So I think, really, it’s pretty straightforward: you either have attacks (you’ve had at least two), in which case RRMS, or you don’t (and have never had) attacks - in which case PPMS.

I just didn’t want you - or other readers - to think it is “staged”, like cancer. MS is not terminal, so you’ll just be told a type, not a stage. And there aren’t that many to choose from!

Tina

Can I possibly ask how long it took for results from mri and when was lp procedure planned was it at initial meeting with neuro or after result of mri, ?

Im sorry to hear you have had a confirmation of diagnoses, I’m in limbo stage atm, and waiting o see neuro on the 19th June x

Thanks.

Has added confusion though … I started getting really ill around 1999. I have never had a day in the last 16 years where I have felt fine like I used to.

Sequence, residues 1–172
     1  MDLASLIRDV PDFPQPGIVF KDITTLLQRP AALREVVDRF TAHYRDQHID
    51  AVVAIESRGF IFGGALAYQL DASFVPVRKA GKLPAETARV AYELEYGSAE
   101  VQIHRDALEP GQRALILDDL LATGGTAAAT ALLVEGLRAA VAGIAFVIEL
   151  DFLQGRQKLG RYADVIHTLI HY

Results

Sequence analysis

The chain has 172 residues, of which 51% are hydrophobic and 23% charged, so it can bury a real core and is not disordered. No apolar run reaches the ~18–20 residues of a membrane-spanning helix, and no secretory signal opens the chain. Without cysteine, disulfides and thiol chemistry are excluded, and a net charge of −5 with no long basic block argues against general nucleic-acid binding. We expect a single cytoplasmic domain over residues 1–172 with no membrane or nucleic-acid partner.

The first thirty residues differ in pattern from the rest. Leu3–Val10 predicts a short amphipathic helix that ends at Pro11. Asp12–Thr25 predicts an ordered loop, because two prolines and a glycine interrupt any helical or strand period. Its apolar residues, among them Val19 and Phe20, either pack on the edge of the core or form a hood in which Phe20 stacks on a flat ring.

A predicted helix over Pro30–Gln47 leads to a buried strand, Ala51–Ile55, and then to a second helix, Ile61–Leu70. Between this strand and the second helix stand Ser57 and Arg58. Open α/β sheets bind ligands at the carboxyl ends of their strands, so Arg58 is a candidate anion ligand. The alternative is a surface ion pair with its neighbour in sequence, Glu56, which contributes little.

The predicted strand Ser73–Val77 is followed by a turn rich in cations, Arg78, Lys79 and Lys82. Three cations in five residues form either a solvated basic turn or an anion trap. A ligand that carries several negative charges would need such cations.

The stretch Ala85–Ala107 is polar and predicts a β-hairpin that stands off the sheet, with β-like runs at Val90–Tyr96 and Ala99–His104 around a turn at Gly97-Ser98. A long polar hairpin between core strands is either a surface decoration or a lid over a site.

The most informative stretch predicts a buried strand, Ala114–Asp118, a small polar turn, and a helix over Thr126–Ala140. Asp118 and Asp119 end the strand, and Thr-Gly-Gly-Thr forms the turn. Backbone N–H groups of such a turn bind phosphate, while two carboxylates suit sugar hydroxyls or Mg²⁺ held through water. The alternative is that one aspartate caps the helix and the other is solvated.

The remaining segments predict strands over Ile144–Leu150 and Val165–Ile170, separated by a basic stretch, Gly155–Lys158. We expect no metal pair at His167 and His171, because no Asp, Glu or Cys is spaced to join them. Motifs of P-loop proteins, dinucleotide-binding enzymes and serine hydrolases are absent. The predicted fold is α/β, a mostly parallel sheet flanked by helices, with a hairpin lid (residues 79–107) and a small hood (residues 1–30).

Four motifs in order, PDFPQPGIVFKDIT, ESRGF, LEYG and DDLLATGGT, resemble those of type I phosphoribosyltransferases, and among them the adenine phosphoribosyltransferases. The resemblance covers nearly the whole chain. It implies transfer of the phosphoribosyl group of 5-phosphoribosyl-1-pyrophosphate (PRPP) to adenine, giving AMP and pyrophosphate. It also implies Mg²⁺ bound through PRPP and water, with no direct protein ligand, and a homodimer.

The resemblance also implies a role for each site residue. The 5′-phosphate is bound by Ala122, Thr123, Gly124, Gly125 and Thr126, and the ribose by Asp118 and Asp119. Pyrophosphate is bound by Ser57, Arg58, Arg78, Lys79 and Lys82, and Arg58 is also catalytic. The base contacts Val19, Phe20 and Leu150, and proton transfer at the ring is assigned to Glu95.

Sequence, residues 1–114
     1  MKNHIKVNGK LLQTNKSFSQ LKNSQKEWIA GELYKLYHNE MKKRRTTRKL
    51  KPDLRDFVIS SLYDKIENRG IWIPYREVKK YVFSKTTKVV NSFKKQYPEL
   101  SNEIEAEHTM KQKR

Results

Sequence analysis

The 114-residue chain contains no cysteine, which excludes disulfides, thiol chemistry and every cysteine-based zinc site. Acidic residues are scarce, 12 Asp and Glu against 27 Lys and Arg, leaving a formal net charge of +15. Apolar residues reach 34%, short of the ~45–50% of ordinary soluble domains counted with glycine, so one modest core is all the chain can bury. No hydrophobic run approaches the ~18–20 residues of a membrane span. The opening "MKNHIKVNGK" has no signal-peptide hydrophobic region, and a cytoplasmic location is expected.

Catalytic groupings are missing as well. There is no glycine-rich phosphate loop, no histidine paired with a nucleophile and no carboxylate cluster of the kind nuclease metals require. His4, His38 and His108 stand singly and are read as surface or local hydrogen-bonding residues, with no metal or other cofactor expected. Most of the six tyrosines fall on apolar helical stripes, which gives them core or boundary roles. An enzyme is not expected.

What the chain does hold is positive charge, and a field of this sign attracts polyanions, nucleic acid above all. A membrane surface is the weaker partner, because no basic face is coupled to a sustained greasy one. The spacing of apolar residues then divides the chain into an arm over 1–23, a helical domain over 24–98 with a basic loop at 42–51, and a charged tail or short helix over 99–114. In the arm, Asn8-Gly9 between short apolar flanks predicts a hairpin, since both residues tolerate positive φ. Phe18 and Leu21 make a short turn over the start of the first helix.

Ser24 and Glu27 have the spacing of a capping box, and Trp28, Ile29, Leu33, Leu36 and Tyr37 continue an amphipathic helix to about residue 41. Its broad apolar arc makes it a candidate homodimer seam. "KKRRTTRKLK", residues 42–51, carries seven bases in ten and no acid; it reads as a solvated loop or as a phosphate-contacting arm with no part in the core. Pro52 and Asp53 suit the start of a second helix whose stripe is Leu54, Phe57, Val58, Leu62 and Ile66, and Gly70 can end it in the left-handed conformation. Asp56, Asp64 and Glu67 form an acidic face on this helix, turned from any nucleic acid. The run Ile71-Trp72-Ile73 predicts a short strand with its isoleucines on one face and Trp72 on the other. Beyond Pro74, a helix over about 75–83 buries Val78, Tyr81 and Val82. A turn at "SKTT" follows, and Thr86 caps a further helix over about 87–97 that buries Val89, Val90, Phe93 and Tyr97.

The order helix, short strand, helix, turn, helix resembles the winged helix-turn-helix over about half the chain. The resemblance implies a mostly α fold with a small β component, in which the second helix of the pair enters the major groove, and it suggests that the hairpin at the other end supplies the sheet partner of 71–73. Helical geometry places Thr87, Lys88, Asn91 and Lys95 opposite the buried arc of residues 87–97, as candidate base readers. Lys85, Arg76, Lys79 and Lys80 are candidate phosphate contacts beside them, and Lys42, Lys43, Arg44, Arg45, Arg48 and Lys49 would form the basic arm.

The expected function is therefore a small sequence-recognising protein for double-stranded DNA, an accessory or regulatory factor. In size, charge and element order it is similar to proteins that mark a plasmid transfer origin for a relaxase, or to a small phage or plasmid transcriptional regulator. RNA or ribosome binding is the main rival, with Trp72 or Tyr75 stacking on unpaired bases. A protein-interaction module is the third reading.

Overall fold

My symptoms dissipate a bit, but never leave me and I get really bad days where I have almost every single symptom of MS. I didn’t know what MS was about until I got diagnosed with it a few months ago (that will be the RRMS part if I get you correctly) up until then it had been diagnosed as small fibre neuropathy since 2012.

But my symptoms have progressed and also in 2008 I had a CT scan and told it was clear.

When I say progressed I mean I started off with one symptom and it has gradually built up to being most symptoms.